Mold-A-Rama, the Brookfield-based company known nationwide for its brightly colored molded plastic souvenirs, has always been old school. 

If you wanted one of their blue dolphins or red panthers, you’d have to go to Brookfield Zoo or one of the other tourist attractions the company serves, plop your two bucks in the machine and experience the magic.

But on Nov. 11, Mold-A-Rama entered the digital age when it opened up an online store via a link on the company’s website,

Mold-A-Rama owner Paul Jones announced the arrival of the online store on Facebook the day before it went live, saying the inventory comprised molds that were no longer in production.

The initial stock included about 150 pieces, Jones told the Landmark in a phone interview. The store nearly sold out within hours of going live.

“We sold 70 percent of our inventory in the first three hours,” Jones said.

As of Nov. 16, there were about 25 items left in the store, including blue trains from the Henry Ford Museum and Binder Park Zoo, a few red rhinos that were part of a limited edition run for the company’s 50th anniversary at Brookfield Zoo and a couple of other molds.

Jones said that he’s not sure exactly what molds will appear in the store at a given time. The company has all kinds of molds that haven’t been in production for years – the Astrodome, pirates from a Field Museum exhibit six years ago, busts of every president up to John F. Kennedy, Disney characters, a Cupie doll.

“They might show up,” Jones said. “You never know.”

The online store even sold out of a mold that wasn’t very popular when it was unveiled in the 1970s — the Brookfield Zoo wombat. Jones had a few test molds leftover from a special request to make some available for National Wombat Day (yes, there is such a thing, at least in Australia) in October.

“It sold out in a half hour,” Jones said.

But any of those might appear in the store, because the company runs test molds every time a machine is repaired in the shop or when machines are installed at zoos and museums to make sure they’re working right.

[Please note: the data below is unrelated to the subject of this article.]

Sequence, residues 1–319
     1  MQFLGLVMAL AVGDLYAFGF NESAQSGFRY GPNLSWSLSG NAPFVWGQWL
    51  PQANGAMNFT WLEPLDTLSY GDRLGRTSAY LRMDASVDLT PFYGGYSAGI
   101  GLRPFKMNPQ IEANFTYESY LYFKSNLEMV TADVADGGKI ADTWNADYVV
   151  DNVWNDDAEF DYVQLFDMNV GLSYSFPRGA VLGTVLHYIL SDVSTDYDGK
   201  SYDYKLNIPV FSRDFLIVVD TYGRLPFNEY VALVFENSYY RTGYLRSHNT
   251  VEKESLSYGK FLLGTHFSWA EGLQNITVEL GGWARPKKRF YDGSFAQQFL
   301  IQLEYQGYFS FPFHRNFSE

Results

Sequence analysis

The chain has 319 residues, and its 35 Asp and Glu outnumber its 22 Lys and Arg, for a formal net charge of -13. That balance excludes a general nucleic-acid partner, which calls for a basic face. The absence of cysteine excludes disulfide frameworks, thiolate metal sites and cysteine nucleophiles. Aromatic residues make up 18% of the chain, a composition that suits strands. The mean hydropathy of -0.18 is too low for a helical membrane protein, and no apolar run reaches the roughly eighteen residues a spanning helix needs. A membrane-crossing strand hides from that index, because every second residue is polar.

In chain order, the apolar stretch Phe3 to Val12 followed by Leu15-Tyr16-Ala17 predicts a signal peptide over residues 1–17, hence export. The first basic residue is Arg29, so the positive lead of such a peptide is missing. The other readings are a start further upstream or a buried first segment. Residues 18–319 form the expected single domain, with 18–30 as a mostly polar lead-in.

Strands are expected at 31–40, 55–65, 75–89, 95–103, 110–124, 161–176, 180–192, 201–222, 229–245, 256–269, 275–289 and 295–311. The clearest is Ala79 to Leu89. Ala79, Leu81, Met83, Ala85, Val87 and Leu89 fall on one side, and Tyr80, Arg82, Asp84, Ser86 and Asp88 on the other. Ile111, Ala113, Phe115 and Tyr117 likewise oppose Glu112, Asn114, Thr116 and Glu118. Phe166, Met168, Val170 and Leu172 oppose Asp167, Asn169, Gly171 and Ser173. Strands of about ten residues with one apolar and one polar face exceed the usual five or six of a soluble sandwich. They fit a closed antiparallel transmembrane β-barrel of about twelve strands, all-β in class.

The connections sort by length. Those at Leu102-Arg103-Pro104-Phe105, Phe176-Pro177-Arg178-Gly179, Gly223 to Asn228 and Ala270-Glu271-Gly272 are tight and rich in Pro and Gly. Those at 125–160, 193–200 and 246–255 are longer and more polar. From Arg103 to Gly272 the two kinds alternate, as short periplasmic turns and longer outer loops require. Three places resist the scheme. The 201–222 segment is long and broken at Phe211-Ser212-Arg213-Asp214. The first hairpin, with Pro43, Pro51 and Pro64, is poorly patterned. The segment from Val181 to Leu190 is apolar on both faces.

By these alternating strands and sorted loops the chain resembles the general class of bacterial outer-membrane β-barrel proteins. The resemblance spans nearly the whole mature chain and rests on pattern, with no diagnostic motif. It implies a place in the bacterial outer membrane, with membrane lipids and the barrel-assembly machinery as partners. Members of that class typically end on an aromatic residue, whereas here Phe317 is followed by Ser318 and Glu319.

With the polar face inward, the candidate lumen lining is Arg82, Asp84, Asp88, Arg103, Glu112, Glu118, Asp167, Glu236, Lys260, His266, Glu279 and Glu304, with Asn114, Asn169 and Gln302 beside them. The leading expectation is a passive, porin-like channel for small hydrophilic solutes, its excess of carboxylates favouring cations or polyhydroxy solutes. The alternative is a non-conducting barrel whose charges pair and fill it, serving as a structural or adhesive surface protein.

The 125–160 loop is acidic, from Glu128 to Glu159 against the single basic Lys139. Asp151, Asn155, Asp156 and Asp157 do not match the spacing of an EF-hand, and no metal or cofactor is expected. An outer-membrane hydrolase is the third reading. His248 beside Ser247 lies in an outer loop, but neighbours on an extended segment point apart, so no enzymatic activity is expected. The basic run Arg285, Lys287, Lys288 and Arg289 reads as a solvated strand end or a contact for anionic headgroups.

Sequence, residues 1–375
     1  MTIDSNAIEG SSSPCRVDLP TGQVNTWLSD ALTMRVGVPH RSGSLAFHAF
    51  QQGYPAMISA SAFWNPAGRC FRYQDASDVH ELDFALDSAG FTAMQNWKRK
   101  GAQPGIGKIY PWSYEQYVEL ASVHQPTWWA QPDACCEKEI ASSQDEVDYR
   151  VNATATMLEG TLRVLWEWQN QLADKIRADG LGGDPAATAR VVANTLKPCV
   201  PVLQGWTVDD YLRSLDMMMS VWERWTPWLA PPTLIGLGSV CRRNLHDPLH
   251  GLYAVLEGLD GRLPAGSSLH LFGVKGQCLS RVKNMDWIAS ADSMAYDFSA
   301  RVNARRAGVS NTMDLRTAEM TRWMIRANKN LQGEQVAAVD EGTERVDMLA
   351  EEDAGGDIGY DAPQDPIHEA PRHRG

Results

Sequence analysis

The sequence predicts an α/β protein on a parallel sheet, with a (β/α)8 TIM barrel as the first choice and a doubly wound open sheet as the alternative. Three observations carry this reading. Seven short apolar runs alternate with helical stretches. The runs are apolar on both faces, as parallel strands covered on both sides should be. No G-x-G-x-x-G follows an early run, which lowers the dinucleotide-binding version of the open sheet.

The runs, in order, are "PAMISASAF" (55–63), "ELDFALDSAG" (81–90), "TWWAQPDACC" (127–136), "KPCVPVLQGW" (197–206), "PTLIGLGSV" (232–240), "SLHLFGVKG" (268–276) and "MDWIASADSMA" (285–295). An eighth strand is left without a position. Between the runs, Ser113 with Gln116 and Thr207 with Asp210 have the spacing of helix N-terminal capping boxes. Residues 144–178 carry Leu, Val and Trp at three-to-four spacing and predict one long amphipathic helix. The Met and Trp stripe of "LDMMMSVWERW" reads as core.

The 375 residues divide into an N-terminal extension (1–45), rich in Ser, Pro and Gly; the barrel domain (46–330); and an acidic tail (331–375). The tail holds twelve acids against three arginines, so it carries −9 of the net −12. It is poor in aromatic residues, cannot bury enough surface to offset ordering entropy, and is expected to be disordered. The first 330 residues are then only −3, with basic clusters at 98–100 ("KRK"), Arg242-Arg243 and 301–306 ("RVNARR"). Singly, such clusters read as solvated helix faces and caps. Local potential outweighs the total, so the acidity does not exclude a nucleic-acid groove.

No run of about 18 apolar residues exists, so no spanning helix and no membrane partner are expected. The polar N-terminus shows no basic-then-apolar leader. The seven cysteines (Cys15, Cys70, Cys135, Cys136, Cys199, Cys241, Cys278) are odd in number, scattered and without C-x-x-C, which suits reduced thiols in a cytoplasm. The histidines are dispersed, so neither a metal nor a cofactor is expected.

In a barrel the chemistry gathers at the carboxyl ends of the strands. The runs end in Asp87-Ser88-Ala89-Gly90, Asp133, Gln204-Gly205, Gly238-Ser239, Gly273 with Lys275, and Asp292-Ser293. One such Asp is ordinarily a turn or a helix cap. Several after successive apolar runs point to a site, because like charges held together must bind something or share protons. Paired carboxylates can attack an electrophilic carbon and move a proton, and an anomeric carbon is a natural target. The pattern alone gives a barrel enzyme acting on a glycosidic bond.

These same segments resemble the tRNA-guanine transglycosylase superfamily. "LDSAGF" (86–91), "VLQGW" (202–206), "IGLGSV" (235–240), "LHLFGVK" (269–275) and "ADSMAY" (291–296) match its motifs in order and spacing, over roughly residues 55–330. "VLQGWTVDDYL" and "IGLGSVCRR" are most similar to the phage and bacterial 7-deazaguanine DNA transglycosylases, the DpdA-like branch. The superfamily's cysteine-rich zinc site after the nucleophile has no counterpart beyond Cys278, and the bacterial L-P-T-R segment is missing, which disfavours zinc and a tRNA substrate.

Jones said that there was some thought about keeping a couple of the machines out of general circulation in order to use them as molds to keep the store stocked, but he ultimately decided against it.

“If I have working machines, I’d rather put them out in the field for people to use,” he said.

The only trouble with the online store, at least right now, is making sure the inventory stays stocked. Mold-A-Rama is a small, family-run operation. Paul’s wife, Sue, set up the online store after working on it for about six months.

“It’s a lot of work,” said Paul. “You have to take photos of every mold you’re selling, and once you sell them, you have to ship them and do collections.”

At $5 a pop plus about $4 for shipping, the molds selling online are a bit more expensive than the ones you can buy at the zoo. But that hasn’t deterred collectors.

“It took off,” Jones said.

And in the future, the store may carry other Mold-A-Rama merchandise, like T-shirts and other items. Similar items were sold at Brookfield Zoo at the special Mold-A-Rama tent this summer during the company’s 50th anniversary celebration there.

“We had seen the success at Brookfield Zoo and thought, ‘This is something we can do,'” Jones said.